There is a downside to the Rainbow, because you have to fill the tank with water before each use, it is not the best for a quick cleanup when the kids track in dirt and the in-laws are due any second, or for lugging out to the driveway to vacuum the interior of the car. The Rainbow is for weekly cleaning day.

Others in no particular order. You really can’t go wrong with any of these.

Electrolux/Aerus:  These are well built machines which are sort of torpedo shaped.  They have a great disposable filter bag system so bag changes are clean and neat.  The retractable cord is a great feature.  They last a long time.  Search for Reconditioned Aerus.

Tristar: Made in USA. compact, powerful, they are built to last.  If you need something smaller and lighter for lugging around or in a cramped home or apartment this is perfect.  The Tristar is a handy size for carrying out to the garage to clean the carpet in your car yet it is big enough to clean your whole house. Search for Reconditioned Tristar.

Update: Up above, when I first wrote this, I had a Tristar on order.  Now I’ve had a chance to really use it and it’s a fantastic machine, very powerful and well built.  I would not hesitate to buy one again.

Filter Queen:  Made in USA. my experience is only second hand but they have a reputation for lasting forever and being very good at cleaning and air quality without losing suction.  These can be good if you have a long haired pets.  They even make a dog grooming attachment.  Refurbished Filter Queens seem to be in high demand, but they are priced right.  Search for Reconditioned Filter Queen.

Filter Queen Update: I’m seeing the refurbished older model Filter Queen (red, green and blue color models) often priced at $200 – 250ish range.  That makes these rebuilt Filter Queens one of the best bargains of everything listed in this buying guide.  If money is tight but you still want quality seriously look at the Filter Queens.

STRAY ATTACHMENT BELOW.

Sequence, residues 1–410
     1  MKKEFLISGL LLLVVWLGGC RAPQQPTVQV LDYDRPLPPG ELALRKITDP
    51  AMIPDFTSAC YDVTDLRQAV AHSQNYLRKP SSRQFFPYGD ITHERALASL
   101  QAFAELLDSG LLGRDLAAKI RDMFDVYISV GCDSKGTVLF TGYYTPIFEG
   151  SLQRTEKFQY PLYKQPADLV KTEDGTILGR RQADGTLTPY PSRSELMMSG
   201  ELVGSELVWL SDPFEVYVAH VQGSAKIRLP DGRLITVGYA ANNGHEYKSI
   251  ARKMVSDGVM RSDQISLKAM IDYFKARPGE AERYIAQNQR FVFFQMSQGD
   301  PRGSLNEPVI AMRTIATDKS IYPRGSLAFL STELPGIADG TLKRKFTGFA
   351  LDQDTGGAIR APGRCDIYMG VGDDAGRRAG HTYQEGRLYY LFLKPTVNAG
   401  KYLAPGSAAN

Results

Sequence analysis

The only caution I hear about Filter Queen is, officially, you are supposed to change the paper filter cone – every time you use it – if that is true in real practice then it’s not quite the grab and start sweeping type of vac like an Aerus, Tristar or Kirby is. Plus the cost of those cones could add up.  I have no experience with Filter Queen, but I suspect that most owners don’t change that filter quite that often unless they have lots of pets or allergies.  Again, a rebuilt Filter Queen will last a good long time and likely outlast any plastic vac.

Best Vacuum for solving your problems

  • Lots of carpet, lots of big shedding pets. Get a newer Kirby model (Diamond, Sentria).  These really work on getting pet hair out of carpets.  You will probably still want to have a good bagged canister for dusting and getting under beds, sofas and other furniture.
  • Lots of hard floors, lots of pets. Any of the bagged canisters listed above.
  • Sever allergies – Rainbow E or E2 models or newer. Not only do they filter with water but they have a HEPA after filter.  Clean floors and dust furniture with the Rainbow.
  • Mildly dust sensitive (temporary sneezing, mild irritation) – Any Rainbow model. The water filtration really works. Again clean floors and dust furniture with it.
  • Most portable for carrying up/down stairs.  Tristar.
  • Best for cramped rooms with too much furniture. Tristar or any canister.